In 1990 I was serving in USS SIMON LAKE (AS-33) anchored out in the Holy Loch, near Dunoon Scotland. In addition to SIMON LAKE, there was A YNFB Barge (a Steel Covered Lighter) which housed the Tug and Boat Ops crew, a floating dry dock and a floating crane. COM- SUBRON 14 was embarked on SIMON LAKE. Collectively, we were referred to as “Site One”.
The mission of Site One was the refit of Ballistic Missile Subma- rines. We were anchored out in the Loch due to British political sensi- bilities about US Nuclear Submarines touching the Homeland. Because of this, Site On personnel had short ride on a “Mike Boat” to transit between site and shore.
I stood in-port duty as Command Duty Officer (CDO) for SIMON LAKE. One day when I left home to assume the duty, it was windy and rainy. The official Navy forecast out ofNorfolk called for 25 – 35 knot winds gusting up to 45. The BBC called for much higher winds – Force 9 gales to last 2 – 3 days.
The daily routine started off normally. The ship was scheduled for a general quarters drill, which would include “pulling fires” in the boiler room. The engineers would use this opportunity to perform “cold iron” maintenance. The ship and the submarine alongside were both to go on emergency diesel generator from 1500 to 1800.
By noon, the winds were sustained at 30 knots and we secured oper- ation of fiberglass bottom boats. The alongside sub (T-1) was unhappy with their moor and requested a tug alongside so that they could adjust their mooring lines. During this evolution, they parted the tattletale on number 4 line due to excess strain. As a result, they contacted the ten- der and requested line handlers to “triple” #4 line. Because of SIMON LAKE’s configuration, line handling a sub requires putting a man over the side in a bosn chair to put the line over the bollard.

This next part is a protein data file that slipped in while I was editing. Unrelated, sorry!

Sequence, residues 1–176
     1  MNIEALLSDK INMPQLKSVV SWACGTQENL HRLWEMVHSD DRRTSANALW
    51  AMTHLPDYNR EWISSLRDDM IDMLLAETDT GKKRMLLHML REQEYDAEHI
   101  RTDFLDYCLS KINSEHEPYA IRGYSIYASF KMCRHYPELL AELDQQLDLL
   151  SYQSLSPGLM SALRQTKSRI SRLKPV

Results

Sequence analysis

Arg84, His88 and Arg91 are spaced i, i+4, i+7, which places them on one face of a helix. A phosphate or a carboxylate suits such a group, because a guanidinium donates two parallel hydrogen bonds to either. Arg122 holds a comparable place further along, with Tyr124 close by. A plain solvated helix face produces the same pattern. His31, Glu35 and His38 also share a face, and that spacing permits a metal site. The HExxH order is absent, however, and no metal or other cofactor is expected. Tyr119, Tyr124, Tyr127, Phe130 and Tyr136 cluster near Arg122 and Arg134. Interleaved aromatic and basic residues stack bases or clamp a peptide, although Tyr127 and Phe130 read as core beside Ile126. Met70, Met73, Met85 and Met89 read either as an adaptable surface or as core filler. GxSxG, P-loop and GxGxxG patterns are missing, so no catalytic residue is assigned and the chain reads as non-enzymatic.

By this time the winds were gusting to 40 knots, so I ensured that wehadagoodcrew,ledbyaBM2. Shortlyaftertriplingline#4,theT-1 Duty Officer called me and said that the after fender was “not doing its job”. They were concerned that the fender was too low in the water and that the separation between sub and tender was not enough to keep the sub’s stern planes from hitting the tender. Despite our protestations that submarines had been moored in the same manner for 30 years, they con- tinued their complaint and finally won squadron over to their side, and we made preparations to adjust the height of the fender by lifting it with a crane and shortening the strap by which it was hung from the tender.
The winds now sustained at 40 knots and I had to get CO’s permis- sion to use a crane. Just as were about to raise the fender, T-1 ‘s engineer came up to the main deck and asked me how knew we wouldn’t lift the fender too high. I told him “because we know what we are doing, and this is the only way it is going to get done. He stomped offand we com- pleted the evolution.
The sub was still unhappy with the moor and was lobbying for a third fender to be placed in the water. The wind was gusting to 50 knots and by rights all cranes should have been cradled. We agreed in princi- ple to give them a third fender, but it was now 1430 with loss of ships power schedule to occur in thirty minutes, our electric cranes would be unable to provide.
The next few hours were relatively quiet. 1800 came and went and we were still operating on emergency diesel. At 1900 the EDO told me that they would be lighting fires in #1 boiler and the ship would be back to normal power approximately one hour later. At 1930 I received the word – “pulled fires in #1 boiler due to cracked atomizing steam strainer cap. ETR 20 minutes. At 2030 I was told that were again lighting fires in #1 boiler.
Shortly after, I was making a tour on deck. This was becoming difficult, as the winds were now sustained at 50 knots and gusting to 60. While checking the forward anchor chain, I noticed a geyser of water shooting out from the mooring buoy. A check o f the potable water line confirmedmyguess. Ourpotablewaterlinefromthelocalwaterworks had parted from the motion of the mooring buoy. I notified the water- works, secured the onboard fill valves, and got CO’s permission to light off evaporators.